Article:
You are using an outdated browser. Please upgrade your browser to improve your experience.
Born Ft. Worth, TX, 1952. My father was a country/western fan, playing guitar and harmonica, and my mother was a classically trained pianist. At age 4, the family moved to Decatur, AL. I was active in church and school music choirs and programs, but it was seeing HARD DAYS NIGHT at age 13 that really motivated me to perform. I bought a Farfisa organ and amp (dropping drum lessons), learned radio hits by ear and joined my first Top-40 band. I wrote my first bad song at age 15. I played in bands all through high school, absorbing what I could of pop, r&b, soul and country. In the summer after high school graduation, my current band recorded two originals, one I co-wrote, and this recording was played on some stations in North Alabama.
After 2 years as a math/physics major at the U. of AL, I decided to study music. But I didn’t read music. After some prep work, I was admitted to freshman courses in theory, piano lessons and music history. I didn’t know where this was leading, but four years later I graduated with a degree in Music Composition and Theory. Along the way, I’d learn jazz from a great instructor, playing piano in a 21-piece stage band. In addition to piano, I also studied viola for 3.5 years, playing in the university orchestra. I then completed a Master in Composition at the Univ of Illinois, teaching during the summers at The National Music Camp, Interlochen, MI. When plans to teach proved elusive, I moved to NYC, working in finance, eventually becoming a risk manager and auditor. Now armed with the formidable powers of an iMac studio, I can bring my musical ideas to life.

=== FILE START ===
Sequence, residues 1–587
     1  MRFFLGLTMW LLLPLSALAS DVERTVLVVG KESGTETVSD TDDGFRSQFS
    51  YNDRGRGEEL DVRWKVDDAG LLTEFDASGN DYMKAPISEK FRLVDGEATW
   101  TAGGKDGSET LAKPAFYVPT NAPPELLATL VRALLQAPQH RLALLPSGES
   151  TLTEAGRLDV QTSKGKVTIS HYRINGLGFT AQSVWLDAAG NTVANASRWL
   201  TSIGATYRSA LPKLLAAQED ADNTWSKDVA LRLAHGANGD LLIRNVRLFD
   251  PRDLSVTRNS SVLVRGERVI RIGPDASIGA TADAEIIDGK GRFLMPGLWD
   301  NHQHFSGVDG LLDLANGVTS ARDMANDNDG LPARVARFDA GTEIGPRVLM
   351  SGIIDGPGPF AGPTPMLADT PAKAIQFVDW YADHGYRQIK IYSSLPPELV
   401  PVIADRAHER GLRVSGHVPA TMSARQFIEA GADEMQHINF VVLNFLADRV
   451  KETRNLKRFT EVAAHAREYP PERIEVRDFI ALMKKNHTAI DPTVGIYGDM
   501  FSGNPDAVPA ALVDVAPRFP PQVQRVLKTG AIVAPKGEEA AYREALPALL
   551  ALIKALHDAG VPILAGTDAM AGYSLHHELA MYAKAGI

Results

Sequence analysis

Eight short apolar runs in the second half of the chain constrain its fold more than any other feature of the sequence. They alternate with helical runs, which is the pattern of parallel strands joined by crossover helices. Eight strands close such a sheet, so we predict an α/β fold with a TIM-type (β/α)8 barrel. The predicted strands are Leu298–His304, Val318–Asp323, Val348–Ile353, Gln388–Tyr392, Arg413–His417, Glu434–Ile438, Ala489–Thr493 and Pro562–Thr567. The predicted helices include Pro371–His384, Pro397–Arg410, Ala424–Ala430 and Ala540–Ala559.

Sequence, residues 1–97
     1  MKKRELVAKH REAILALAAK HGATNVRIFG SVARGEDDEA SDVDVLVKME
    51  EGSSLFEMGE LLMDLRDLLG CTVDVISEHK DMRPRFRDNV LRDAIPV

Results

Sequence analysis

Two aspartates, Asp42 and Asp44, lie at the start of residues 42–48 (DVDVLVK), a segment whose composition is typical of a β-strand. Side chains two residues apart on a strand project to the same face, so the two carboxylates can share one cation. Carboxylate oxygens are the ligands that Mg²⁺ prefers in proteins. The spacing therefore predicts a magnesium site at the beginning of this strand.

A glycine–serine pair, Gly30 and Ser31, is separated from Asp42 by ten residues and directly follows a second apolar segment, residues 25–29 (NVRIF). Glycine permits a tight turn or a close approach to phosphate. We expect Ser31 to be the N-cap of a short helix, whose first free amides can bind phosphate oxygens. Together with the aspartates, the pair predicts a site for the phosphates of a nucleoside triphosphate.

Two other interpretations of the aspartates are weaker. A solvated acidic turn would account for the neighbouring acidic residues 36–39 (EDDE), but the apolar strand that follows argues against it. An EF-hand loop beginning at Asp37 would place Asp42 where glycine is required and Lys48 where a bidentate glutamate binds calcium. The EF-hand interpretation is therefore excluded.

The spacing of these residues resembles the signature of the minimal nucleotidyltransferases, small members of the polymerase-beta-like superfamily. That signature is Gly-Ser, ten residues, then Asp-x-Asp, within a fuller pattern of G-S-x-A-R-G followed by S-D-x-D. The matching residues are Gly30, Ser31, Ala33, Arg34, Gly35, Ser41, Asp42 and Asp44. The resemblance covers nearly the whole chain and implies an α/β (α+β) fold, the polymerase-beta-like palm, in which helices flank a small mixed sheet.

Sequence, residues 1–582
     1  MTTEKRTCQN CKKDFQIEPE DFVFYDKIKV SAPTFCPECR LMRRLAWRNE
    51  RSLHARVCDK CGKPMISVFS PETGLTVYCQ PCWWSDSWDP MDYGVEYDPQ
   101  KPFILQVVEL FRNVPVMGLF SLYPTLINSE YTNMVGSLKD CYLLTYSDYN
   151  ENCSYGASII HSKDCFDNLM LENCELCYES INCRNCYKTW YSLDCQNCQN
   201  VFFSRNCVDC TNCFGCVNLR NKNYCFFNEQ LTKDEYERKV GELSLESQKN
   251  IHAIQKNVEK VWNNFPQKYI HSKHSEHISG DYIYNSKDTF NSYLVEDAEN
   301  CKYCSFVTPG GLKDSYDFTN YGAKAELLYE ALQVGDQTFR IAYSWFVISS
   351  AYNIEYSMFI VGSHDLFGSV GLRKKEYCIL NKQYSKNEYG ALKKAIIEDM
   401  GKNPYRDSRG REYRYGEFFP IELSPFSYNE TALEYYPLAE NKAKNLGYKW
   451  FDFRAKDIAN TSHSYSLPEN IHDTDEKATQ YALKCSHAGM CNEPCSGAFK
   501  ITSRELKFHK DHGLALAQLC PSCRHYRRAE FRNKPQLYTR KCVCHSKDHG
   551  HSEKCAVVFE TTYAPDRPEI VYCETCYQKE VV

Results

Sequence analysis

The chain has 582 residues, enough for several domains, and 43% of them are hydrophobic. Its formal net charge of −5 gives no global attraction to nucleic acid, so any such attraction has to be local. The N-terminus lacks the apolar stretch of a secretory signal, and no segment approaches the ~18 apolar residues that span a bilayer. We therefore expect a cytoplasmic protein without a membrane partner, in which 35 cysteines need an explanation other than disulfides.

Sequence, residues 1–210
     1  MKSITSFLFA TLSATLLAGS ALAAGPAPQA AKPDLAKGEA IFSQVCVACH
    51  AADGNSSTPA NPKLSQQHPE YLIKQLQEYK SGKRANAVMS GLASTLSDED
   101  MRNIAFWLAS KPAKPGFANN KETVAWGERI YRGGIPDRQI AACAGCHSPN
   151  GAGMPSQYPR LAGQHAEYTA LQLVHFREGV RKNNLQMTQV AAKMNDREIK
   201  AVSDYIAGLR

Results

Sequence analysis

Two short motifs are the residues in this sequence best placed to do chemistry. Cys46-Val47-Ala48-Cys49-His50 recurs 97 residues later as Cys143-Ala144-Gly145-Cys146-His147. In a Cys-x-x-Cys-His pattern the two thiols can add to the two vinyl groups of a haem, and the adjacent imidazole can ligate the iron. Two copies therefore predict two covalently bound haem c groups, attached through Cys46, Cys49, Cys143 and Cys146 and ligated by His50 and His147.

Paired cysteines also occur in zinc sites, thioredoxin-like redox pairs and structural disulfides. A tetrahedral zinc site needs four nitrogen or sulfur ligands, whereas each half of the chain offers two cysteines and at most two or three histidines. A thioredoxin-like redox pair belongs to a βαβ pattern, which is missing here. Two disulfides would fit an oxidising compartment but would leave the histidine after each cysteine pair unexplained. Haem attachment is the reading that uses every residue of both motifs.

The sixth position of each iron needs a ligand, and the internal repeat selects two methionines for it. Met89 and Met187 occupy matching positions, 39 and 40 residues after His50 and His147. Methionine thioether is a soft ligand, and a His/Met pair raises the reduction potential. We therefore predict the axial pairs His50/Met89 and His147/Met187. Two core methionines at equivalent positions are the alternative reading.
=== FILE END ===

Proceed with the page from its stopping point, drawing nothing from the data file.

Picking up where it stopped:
Given my comprehensive education and experience, I draw inspiration from the broad spectrum of great music. As such, my creative endeavors are given purpose and direction by drawing from the idiomatic influences, be they Debussey or Metheny, Bach or The Beatles, Stravinsky or Coldplay.. I have a great melodic and lyrical gift, which I often place primary in a work's structure.